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Japan Must Reciprocate Goodwill

Two recent events signal a possible entente between China and Japan.

Japanese Prime Minister Junichiro Koizumi performed well in the September 11 landmark Lower House poll, which he had called in order to overturn the political defeat he suffered in August when his postal reform bills were voted down by dissident members of his Liberal Democrat Party in the Upper House.

Koizumi was visibly surprised by the decisive mandate he obtained from the Japanese electorate, as he openly admitted after the official results were announced. In fact, something could be stirring in Japanese society as it shakes itself out of the current state of political immobilization and economic paralysis, which have important implications for Tokyo's foreign policy.

Two weeks into the new parliamentary session, with a confident Koizumi at the helm and a bolstered coalition to govern Japan, the impact of this victory on regional economics and security is beginning to emerge.

In an equally significant development in Beijing, before Koizumi's electoral victory, Chinese President Hu Jintao made a goodwill speech during China's ceremony marking the 60th anniversary of the end of World War II. He pointed out that ties between China and Japan have mostly been friendly, and that "it was only a small group of Japanese militarists who planned and launched the war."

Hu stated that "by emphasizing the need to always remember the past, we do not mean to continue the hatred," but "instead, we want to draw lessons from history and be forward-looking."

This point was reiterated recently by Premier Wen Jiabao when he spoke to a Japanese business delegation visiting Beijing.

This pragmatic gesture should be appreciated in Tokyo, especially as Hu again expressed Beijing's goodwill to develop sound relations with Japan, with history guiding the future of ties.

Although these statements were a repetition of the five points Hu had previously made to Koizumi in Jakarta on the margins of the 50th anniversary Bandung celebrations, Hu nevertheless effectively confirmed Beijing's sincere overture towards the Japanese people.

China's diplomatic gesture towards Japan of "not continuing the hatred" is politically and diplomatically significant. It symbolized China's pragmatic diplomacy.

It is ardently hoped that Koizumi and other Japanese leaders will reciprocate Beijing's goodwill and work with Chinese leaders to build sound Sino-Japanese relations, based on mutual benefits, as was referred to by Koizumi in his maiden speech to parliament on September 26, when he emphasized his government's policy of building "future-oriented friendly ties with China and South Korea."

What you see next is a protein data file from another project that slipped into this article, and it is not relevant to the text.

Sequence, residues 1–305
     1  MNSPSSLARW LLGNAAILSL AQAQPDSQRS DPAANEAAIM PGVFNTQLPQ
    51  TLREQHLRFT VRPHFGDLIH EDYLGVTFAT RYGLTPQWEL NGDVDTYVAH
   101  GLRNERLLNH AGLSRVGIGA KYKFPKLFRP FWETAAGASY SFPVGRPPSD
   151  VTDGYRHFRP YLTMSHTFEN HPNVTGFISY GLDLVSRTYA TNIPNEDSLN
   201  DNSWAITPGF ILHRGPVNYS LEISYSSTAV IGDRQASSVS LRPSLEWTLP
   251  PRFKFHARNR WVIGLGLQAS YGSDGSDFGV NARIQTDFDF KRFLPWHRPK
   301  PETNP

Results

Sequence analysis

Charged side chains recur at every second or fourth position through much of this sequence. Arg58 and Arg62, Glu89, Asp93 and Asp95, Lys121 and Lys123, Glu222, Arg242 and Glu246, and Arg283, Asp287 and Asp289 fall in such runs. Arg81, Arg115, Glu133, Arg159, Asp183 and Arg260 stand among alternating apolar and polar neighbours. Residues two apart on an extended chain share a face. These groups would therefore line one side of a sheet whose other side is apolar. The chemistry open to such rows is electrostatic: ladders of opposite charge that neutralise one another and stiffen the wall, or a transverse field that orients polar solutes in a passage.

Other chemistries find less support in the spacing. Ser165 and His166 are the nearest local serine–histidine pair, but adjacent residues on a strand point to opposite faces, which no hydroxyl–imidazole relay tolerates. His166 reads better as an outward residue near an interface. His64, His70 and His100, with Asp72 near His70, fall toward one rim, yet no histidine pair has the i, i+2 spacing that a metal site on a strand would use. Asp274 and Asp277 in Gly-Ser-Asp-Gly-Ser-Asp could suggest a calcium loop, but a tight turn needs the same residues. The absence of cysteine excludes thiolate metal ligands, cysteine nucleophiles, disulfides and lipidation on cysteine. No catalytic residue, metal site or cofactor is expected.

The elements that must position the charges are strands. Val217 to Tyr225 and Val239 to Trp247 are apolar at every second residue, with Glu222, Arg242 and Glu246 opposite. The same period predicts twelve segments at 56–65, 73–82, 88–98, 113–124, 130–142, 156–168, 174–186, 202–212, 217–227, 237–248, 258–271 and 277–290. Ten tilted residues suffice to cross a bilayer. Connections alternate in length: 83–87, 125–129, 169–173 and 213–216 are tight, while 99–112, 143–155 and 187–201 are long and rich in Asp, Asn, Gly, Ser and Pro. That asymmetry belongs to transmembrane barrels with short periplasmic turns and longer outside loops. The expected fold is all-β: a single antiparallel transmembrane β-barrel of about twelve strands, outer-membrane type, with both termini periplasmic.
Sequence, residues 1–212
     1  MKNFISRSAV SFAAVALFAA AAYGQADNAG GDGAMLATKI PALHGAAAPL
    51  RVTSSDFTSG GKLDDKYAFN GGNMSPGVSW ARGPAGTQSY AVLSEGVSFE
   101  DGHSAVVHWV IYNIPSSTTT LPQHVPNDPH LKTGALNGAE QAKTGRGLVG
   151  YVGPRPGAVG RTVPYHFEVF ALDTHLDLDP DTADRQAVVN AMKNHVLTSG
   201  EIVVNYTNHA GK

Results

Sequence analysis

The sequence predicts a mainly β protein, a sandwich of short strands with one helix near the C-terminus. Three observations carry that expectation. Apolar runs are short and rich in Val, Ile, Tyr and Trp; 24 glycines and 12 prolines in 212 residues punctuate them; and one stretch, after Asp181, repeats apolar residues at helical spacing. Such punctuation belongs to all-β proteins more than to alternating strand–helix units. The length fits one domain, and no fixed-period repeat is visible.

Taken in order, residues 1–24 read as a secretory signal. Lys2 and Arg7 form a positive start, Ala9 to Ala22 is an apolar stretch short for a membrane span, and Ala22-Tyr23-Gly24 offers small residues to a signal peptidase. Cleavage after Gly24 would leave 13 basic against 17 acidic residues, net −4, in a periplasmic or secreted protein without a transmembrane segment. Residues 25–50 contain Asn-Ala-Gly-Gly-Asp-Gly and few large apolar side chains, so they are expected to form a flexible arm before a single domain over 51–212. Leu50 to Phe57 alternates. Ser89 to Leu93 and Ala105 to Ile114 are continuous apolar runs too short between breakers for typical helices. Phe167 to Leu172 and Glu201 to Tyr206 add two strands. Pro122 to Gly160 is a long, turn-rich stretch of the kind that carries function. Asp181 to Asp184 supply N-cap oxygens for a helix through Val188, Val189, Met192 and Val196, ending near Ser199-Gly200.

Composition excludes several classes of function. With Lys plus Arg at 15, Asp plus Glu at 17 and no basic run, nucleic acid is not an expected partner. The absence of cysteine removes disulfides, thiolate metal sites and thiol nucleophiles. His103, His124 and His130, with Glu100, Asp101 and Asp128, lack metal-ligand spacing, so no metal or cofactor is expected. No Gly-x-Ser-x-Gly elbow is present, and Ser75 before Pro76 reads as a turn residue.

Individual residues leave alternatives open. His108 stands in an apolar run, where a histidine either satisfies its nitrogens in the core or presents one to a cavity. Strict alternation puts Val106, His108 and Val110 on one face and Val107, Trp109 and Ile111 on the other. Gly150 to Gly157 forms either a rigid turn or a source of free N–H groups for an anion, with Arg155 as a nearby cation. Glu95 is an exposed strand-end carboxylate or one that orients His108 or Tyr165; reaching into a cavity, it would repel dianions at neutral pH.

Although some political observers had feared that Sino-Japanese, and Korean-Japanese, relations may become "clouded" by Koizumi's overwhelming victory, the current boost in Japan's self-confidence and subsequent rise in nationalism, there is hope that the opposite may be true. Koizumi's confidence could in fact spur him to undertake a major and daring revision to Tokyo's foreign policy with regard to Beijing and Seoul.

Given that Koizumi has himself pledged not to carry on his premiership beyond autumn 2006, he could now effectively use his last year in office to effectuate a bold rapprochement with China and South Korea, thus sealing his own legacy in Japanese politics.

The Japanese public is indeed yearning for some kind of warming of relations with its neighbors, and Koizumi could use his overwhelming victory to put to rest the so-called ghosts of history, and once and for all secure the necessary entente with both Beijing and Seoul - as German Chancellor Konrad Adenauer did in 1963 with France - thus stabilizing the whole Asia-Pacific region.

Koizumi would need to extend concrete gestures of friendship to Beijing, adopt a more reconciliatory posture - instead of openly labeling Beijing "a threat," as was the case in a recent defence plan leaked to the Asahi Shimbun.

It is also in the inherent interests of Washington to strongly encourage such a move by Koizumi, so as to improve relations in Northeast Asia. Tokyo and Washington will need Beijing's assistance and leadership to guide the six-party talks on Korean Peninsula nuclear issues towards a successful outcome, after an initial breakthrough in Beijing on September 19.

A reinvigorated and pragmatic foreign policy stance from Tokyo will be hugely beneficial in the coming year, as Koizumi attempts to normalize relations with Pyongyang.

(China Daily October 13, 2005)


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